MLK Square: A Unique Park in Downtown Conway
There is more to MLK Square in downtown Conway than meets the eye. At first glance, it seems like an ordinary, everyday downtown park with green space, walking and a playground for kids. But MLK Square recognizes a rich history in the area, and provides an important service to businesses in the area, too.
MLK Square honors the history of the Black business district formerly housed on Markham Street, the street where the park is now located. The square pays tribute to the legacy and identity of the community by honoring important figures in Conway’s Black community like William T. Mattison, a Tuskegee Airman.
These individuals and their contributions are highlighted through large granite pavers woven into the park walkway. The square tells the stories of people who made an impact on the local, state, and national level.
Additionally, the park is dedicated to the life, legacy and work of Dr. Martin Luther King Jr. In February, the City of Conway unveiled a Unity sculpture to honor the work of King.
"MLK Square tells a beautiful story of redemption and reconciliation,” Walden said. “An environmental hazard reclaimed and used to heal the natural environment. A public space created to bring people together across divides, honoring the life and work of an American hero whose dream was an equal and undivided people.”
A major benefit of MLK Square is the creation of a new, high-quality public space.
“The area is envisioned as a place to loiter and congregate,” Walden said. “It will become a place for gatherings, festivals and celebrations, as well as a respite from daily life for people to simply enjoy and be. As any good public space, it will reflect the identity and culture of its surroundings.”
MLK Square is also the newest site for a sustainable low-impact development park that provides community green space on a reclaimed brownfield site.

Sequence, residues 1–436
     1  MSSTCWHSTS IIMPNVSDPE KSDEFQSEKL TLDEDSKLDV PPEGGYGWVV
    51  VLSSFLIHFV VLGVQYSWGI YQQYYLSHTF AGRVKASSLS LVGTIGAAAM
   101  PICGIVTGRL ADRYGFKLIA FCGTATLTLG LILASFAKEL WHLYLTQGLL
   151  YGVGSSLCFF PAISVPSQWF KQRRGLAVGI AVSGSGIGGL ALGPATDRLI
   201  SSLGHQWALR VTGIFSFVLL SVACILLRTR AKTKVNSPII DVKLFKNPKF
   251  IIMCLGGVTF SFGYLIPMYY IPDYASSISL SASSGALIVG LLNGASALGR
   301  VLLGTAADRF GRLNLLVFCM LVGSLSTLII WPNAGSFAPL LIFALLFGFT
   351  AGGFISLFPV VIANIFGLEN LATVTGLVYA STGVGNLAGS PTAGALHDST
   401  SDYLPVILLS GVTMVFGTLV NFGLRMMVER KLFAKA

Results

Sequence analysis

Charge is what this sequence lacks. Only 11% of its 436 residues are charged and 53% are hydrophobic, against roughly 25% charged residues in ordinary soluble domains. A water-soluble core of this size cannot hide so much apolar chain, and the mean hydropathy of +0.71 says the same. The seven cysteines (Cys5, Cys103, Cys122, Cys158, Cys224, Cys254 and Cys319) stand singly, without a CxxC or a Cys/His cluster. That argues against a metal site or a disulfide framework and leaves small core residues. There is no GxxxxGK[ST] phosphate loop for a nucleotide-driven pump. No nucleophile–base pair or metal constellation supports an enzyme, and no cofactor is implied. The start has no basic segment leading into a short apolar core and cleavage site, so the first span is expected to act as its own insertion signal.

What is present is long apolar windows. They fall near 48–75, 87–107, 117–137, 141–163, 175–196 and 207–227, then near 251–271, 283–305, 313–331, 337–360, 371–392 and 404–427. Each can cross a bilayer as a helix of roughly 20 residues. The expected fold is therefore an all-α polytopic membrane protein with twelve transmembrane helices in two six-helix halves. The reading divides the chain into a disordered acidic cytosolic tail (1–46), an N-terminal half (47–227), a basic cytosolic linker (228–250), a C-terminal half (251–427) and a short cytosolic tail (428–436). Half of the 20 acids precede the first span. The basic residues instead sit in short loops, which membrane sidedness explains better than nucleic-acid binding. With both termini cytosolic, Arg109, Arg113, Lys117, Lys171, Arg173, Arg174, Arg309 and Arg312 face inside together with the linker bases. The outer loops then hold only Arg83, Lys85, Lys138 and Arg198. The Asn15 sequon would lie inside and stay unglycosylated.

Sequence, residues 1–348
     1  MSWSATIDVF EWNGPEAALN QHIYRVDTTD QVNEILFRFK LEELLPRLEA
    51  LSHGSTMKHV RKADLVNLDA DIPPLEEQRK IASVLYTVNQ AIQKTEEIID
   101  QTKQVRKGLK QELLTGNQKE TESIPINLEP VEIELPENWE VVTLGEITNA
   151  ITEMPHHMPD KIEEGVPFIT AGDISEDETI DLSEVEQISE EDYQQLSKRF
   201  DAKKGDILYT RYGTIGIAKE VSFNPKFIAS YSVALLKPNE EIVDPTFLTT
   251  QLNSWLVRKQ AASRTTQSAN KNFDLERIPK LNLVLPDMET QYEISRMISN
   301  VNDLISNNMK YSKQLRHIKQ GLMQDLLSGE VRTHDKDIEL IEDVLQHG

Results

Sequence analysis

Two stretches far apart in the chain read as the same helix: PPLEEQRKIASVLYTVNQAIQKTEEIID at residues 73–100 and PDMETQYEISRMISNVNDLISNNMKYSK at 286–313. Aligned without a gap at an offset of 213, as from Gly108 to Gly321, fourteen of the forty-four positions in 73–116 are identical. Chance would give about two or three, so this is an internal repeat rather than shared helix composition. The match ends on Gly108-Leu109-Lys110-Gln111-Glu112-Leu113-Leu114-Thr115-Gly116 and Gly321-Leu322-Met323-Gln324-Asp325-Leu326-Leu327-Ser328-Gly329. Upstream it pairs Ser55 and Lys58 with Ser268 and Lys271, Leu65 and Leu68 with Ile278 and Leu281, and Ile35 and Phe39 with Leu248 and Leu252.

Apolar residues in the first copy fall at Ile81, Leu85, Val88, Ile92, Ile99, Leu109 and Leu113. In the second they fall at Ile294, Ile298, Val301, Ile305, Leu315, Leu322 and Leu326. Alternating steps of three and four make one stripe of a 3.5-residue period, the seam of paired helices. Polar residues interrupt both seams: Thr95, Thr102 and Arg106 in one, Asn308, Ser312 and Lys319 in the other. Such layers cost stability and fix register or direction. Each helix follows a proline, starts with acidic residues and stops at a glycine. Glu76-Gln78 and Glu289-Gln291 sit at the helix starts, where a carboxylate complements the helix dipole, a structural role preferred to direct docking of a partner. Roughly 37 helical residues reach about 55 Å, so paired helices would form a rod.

“By replacing pipes and concrete with living biological systems, parks like MLK Square are setting an example of how we can use soft engineering to better manage polluted storm water runoff,” said James Walden, the city’s former director of planning and development. “MLK Square will use time as a key ally in fighting floods, which have been a persistent problem in downtown Conway since its founding. The square’s detention function will slow the release of water from the site during heavy rain events.”
While the feature won’t alleviate every drainage issue in downtown, it’s a valuable down payment on a new approach to solving flooding in the area, said city engineer Kurt Jones.
“MLK Square will also use the power of plants to help heal its natural surroundings by using organic features like rain gardens and bioswales to help treat stormwater,” Walden said. “The intent is that water exiting the park will be cleaner than when it entered.”
This occurs through a treatment train effect where stormwater is slowed, allowed to absorb back into the ground or evaporate, and pollutants and sediment are captured in rain gardens or bioswales. Plants then use phytoremediation to capture pollutants and break them down into less harmful materials.